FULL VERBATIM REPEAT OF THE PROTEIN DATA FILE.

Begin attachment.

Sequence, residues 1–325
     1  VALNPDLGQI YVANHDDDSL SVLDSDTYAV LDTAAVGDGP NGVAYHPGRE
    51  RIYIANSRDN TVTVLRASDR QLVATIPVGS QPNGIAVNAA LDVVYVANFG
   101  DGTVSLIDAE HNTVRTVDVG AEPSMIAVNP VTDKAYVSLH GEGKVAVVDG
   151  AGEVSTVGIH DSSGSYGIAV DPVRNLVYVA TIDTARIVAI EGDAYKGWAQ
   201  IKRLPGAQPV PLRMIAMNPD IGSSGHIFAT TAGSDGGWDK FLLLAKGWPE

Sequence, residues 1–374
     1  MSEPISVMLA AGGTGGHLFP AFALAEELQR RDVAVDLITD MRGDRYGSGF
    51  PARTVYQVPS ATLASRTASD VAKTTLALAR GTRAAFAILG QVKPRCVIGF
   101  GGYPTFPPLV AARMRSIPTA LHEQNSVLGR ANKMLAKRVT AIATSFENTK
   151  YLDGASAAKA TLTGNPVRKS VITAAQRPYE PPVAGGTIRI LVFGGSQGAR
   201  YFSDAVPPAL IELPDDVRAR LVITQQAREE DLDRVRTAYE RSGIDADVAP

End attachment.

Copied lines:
Sequence, residues 1–325
     1  VALNPDLGQI YVANHDDDSL SVLDSDTYAV LDTAAVGDGP NGVAYHPGRE
    51  RIYIANSRDN TVTVLRASDR QLVATIPVGS QPNGIAVNAA LDVVYVANFG
   101  DGTVSLIDAE HNTVRTVDVG AEPSMIAVNP VTDKAYVSLH GEGKVAVVDG
   151  AGEVSTVGIH DSSGSYGIAV DPVRNLVYVA TIDTARIVAI EGDAYKGWAQ
   201  IKRLPGAQPV PLRMIAMNPD IGSSGHIFAT TAGSDGGWDK FLLLAKGWPE

Sequence, residues 1–374
     1  MSEPISVMLA AGGTGGHLFP AFALAEELQR RDVAVDLITD MRGDRYGSGF
    51  PARTVYQVPS ATLASRTASD VAKTTLALAR GTRAAFAILG QVKPRCVIGF
   101  GGYPTFPPLV AARMRSIPTA LHEQNSVLGR ANKMLAKRVT AIATSFENTK
   151  YLDGASAAKA TLTGNPVRKS VITAAQRPYE PPVAGGTIRI LVFGGSQGAR
   201  YFSDAVPPAL IELPDDVRAR LVITQQAREE DLDRVRTAYE RSGIDADVAP